- Fun community features
- No mapping tool
Bring a social feel to your workouts with Fitocracy, the social network for fitness.
Fitocracy is a free (ad-supported) cloud-based service. You can create an account or login using an existing Facebook, Twitter, or Runkeeper account. You then enter some basic information, such as your height and weight (don’t worry; it’s kept hidden!), and your exercise interests.
Then, you’re free to explore the Fitocracy community, which works in a variety of ways. Fitocracy is primarily a fitness tool. You can use it to track your workouts. You select the activity from the supplied list (you’ll be hard-pressed to find an activity not on there), then enter your workout time and the distance covered (if applicable).
The advanced options let frequent exercisers log multiple sessions per day, which is a nice touch. But Fitocracy doesn’t include any mapping tools that runners and walkers could use to plan or log routes; rival FriendFit includes this useful feature.
Fitocracy does include plenty of ways to keep you motivated, though. Every workout you track earns you points, and your points help you move through Fitocracy’s Levels. You’re also presented with Quests (such as run a 5K, do a dumbbell press, or log 10 fitness activities in one week) that earn you bonus points.
Fitocracy has more to offer than these solo goals, however: its social aspect is what sets it apart from other workout trackers such as WalkJogRun and MapMyRun.
You can search the site and add members as your friends, just as you would on Facebook. You also can use your “Feed” to see public updates from all Fitocracy members. Other members can comment on your posts and give you “props” for you accomplishments.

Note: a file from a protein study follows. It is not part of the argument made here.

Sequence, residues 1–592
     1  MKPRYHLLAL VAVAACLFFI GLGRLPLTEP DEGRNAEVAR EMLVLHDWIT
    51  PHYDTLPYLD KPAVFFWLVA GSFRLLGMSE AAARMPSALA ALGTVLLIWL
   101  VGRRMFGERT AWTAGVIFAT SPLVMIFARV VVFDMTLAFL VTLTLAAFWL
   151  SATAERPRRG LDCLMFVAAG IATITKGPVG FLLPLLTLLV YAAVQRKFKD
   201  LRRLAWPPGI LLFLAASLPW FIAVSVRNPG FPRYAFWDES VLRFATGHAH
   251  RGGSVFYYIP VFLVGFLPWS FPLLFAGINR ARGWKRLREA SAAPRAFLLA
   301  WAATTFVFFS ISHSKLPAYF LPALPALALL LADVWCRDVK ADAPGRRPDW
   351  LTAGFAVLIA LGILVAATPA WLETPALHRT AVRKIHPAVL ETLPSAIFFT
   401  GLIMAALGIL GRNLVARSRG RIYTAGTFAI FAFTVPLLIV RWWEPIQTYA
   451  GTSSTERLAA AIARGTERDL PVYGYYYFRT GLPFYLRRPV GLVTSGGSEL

Fitocracy calls on its community to offer even more motivational tools, such as Challenges and Duels. You can find a Challenge by joining some of the many groups Fitocracy has to offer; you’ll find options ranging from “Barefoot and Minimalist Running” to “Industrial,” which is a group for folks who enjoy industrial music.
Groups can be competitive or social, and some are public while others are private. You can form your own group if you don’t see one that meets your needs. A group owner can issue a challenge to all members of the group, who then compete for spots on Fitocracy’s virtual podium.
Duels are a more personal form of the challenge: one Fitocracy user can issue a challenge to another user, and the two members can them compete for victory. Fitocracy currently offers 10 types of duels, ranging from “Most Points Earned” and “Heaviest Bench Press” to “Most Distance Run.”Other users can take sides in the Duel, cheering their member on to victory.
Like rival FriendFit, Fitocracy offers plenty of fun tools to keep members motivated and challenged on their fitness journey. Its mobile app (available for iOS) is a great companion, too, and it’s something that FriendFit doesn’t offer.
However, frequent runners will appreciate FriendFit’s mapping tools, which is an option that Fitocracy could benefit from.
Note: The Download button takes you to the vendor’s site, where you can use this Web-based software.